Yesterday I was writing about building an intuition.
Yes… it’s a single NPN transistor amplifier. Can hardly get much simpler without getting into passives, right?
This is nothing more than a common emitter amplifier. This, effectively, is a voltage (*) amplifier. All the resistors are nothing more than the biasing for it. The transistor is as jellybean as you can get — the classic 2N2222.
Here’s the thing: I hooked it up the way it was in the book and it didn’t work right. I fed in a simple triangle wave and out came something that looked, well, not triangular. It looked like a rounded lump coming up from a flat valley.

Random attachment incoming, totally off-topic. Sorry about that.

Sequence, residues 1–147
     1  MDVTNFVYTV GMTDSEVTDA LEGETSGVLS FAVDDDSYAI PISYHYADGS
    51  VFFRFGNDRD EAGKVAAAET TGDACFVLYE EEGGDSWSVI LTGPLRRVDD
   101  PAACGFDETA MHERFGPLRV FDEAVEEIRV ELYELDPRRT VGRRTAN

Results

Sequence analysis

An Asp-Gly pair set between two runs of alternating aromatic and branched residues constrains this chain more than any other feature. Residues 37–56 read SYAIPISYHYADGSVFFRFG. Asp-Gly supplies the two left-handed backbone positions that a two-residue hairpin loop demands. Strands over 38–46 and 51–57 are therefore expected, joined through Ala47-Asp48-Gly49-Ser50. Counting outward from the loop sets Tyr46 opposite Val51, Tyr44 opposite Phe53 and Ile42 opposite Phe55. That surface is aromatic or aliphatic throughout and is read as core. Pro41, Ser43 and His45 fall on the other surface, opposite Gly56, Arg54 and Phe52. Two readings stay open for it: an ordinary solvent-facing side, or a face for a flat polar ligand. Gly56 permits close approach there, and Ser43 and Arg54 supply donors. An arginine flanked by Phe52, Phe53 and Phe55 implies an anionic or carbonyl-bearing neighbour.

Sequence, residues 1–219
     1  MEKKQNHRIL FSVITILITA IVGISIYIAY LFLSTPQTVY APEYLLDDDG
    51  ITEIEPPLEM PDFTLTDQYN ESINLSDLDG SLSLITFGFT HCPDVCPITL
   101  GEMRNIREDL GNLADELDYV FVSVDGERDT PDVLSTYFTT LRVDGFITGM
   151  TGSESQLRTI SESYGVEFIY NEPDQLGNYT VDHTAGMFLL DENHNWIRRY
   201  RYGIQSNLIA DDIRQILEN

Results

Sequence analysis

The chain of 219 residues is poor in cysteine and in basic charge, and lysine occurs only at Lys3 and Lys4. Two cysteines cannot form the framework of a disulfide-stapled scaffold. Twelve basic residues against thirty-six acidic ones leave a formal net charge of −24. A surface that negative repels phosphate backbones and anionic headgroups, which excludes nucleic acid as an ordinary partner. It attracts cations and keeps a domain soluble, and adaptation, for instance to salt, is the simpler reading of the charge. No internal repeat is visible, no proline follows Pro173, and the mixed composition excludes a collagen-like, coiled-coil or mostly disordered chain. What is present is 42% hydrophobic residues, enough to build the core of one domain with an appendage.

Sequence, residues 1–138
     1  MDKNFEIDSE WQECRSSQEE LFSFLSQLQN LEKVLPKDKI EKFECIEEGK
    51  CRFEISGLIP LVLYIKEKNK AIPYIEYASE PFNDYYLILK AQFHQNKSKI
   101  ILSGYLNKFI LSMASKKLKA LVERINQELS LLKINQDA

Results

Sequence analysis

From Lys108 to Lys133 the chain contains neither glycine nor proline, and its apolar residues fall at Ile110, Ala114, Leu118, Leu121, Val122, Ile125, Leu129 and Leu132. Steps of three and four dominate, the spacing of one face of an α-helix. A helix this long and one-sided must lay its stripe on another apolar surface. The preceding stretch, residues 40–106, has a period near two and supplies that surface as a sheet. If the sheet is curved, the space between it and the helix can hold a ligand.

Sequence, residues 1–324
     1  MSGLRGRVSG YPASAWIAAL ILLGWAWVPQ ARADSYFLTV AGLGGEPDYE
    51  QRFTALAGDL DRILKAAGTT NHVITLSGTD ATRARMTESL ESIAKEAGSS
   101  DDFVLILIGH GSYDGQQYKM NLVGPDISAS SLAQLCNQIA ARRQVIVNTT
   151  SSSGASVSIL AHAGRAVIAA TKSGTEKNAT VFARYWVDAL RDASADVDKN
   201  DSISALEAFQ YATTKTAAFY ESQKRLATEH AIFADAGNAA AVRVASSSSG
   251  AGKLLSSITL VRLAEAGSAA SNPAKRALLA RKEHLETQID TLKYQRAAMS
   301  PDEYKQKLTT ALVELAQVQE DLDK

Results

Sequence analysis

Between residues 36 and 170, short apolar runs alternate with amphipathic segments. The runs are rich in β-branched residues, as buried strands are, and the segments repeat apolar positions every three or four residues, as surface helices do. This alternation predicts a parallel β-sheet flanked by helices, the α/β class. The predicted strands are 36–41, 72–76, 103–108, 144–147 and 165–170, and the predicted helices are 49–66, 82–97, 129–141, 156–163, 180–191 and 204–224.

And this is where I started to get a little intuition.
What would cause the output to flatline?
If the transistor was saturated it would pull Vout as low as it could. Only on the peaks (or, actually, the valleys of the input) would the transistor not be turned on completely.
What would cause it to saturate?
The biasing network (R1 and R2) pulling the base of the transistor too high.
I started off with R1 = 100KΩ and R2 = 10KΩ. V+ = 20V. This got the base bias to 1.8V. Apparently this was turning on the transistor hard. I swapped in a 220KΩ and that got the base bias down to 0.87V and all was well.
In hindsight I think the original schematic has V+ at 10V. The original biasing would have put the base at 0.91V.
That said, this is exactly what I was wanting. Fuck something up then learn to debug and fix it. You don’t learn when things work right. Well, you do, but it doesn’t stick as much.